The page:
Dear Expat,

As usual since the COVID-19 stormed into our lives, the pandemic occupies most headlines again this week. In Spain, Pedro Sánchez announced the state of alarm that came into force in October last year will end on May 9, provided the situation does not get out of hand. I wouldn’t swear to it. A poll released on Monday predicts a tie in the Madrid election. The left is now stepping up efforts to win the vote and form a leftist government after 26 years of People’s Party rule. However, the popularity of Madrid’s incumbent president Isabel Díaz Ayuso is increasing fabulously. Yesterday saw another historic moment at the Congress of Deputies: the first climate change law was passed, although it has received criticism for its lack of ambition.

The State of Alarm to End on May 9

The state of alarm will end on May 9, PM Pedro Sánchez told a press conference in La Moncloa on Tuesday. Sánchez also set out a series of milestones for the vaccination roll-out to be met in the coming months.

Five million people will be vaccinated by May and 25 million people by mid-July. Also, 33 million people, about 70% of the adult population in Spain, will be inoculated by the end of August. However, after failing to meet the target of vaccinating 80% of the Spanish population over 80 by the end of March, these new commitments have been met with scepticism.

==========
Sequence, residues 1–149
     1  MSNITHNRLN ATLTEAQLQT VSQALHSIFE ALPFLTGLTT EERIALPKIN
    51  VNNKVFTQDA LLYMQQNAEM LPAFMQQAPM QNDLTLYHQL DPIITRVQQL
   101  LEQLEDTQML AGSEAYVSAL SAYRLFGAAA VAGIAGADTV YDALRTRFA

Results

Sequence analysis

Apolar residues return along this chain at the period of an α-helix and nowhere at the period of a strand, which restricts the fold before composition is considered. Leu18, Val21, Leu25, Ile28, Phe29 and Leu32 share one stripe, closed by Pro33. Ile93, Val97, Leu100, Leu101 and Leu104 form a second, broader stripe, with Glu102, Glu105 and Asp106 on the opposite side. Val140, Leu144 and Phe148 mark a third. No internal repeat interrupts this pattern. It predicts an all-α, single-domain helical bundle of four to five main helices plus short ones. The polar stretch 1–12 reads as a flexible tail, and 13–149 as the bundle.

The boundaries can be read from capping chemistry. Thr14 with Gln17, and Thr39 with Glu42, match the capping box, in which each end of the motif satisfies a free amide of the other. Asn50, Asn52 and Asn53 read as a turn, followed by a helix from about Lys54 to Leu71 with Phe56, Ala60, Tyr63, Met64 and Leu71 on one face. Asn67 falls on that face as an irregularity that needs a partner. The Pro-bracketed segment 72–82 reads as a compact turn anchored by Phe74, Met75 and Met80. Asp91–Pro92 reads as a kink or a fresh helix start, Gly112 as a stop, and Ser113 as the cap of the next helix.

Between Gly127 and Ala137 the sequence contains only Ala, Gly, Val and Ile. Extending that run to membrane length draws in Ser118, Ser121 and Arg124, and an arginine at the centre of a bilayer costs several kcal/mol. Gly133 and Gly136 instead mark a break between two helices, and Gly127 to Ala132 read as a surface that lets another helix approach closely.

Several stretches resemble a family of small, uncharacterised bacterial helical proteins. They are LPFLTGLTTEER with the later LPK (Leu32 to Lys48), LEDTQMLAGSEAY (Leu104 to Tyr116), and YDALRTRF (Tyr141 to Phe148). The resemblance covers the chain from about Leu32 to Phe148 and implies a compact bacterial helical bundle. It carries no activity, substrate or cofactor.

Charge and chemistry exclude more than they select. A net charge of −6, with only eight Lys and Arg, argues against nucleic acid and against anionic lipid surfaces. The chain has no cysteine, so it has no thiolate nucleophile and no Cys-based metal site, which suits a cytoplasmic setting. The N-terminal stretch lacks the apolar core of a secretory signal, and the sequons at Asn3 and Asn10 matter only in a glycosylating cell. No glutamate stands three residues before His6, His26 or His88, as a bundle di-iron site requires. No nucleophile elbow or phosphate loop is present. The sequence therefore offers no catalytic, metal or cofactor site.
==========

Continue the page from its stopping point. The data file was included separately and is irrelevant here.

The end of the state of alarm means that regions will have it more difficult to implement restrictions and regulations without permission from a regional court.

While some may see it as a positive sign, a brighter light at the end of this long pandemic tunnel, regional governments have expressed concerns over the lack of solid judicial alternatives. Faced with a spike in coronavirus cases, regional authorities might consider it necessary to reactivate strict measures like nighttime curfews. But unlike perimetral lockdowns and social gatherings, curfews would be left without legal backing once the state of alarm expires. The only legal basis available for regional governments were they to implement such measure, is a 1986 public health law.

Last year, after the first state of alarm ended in June, legal chaos led to a series of contradictory measures in Madrid and the Basque Country and some experts and politicians fear the same could happen again.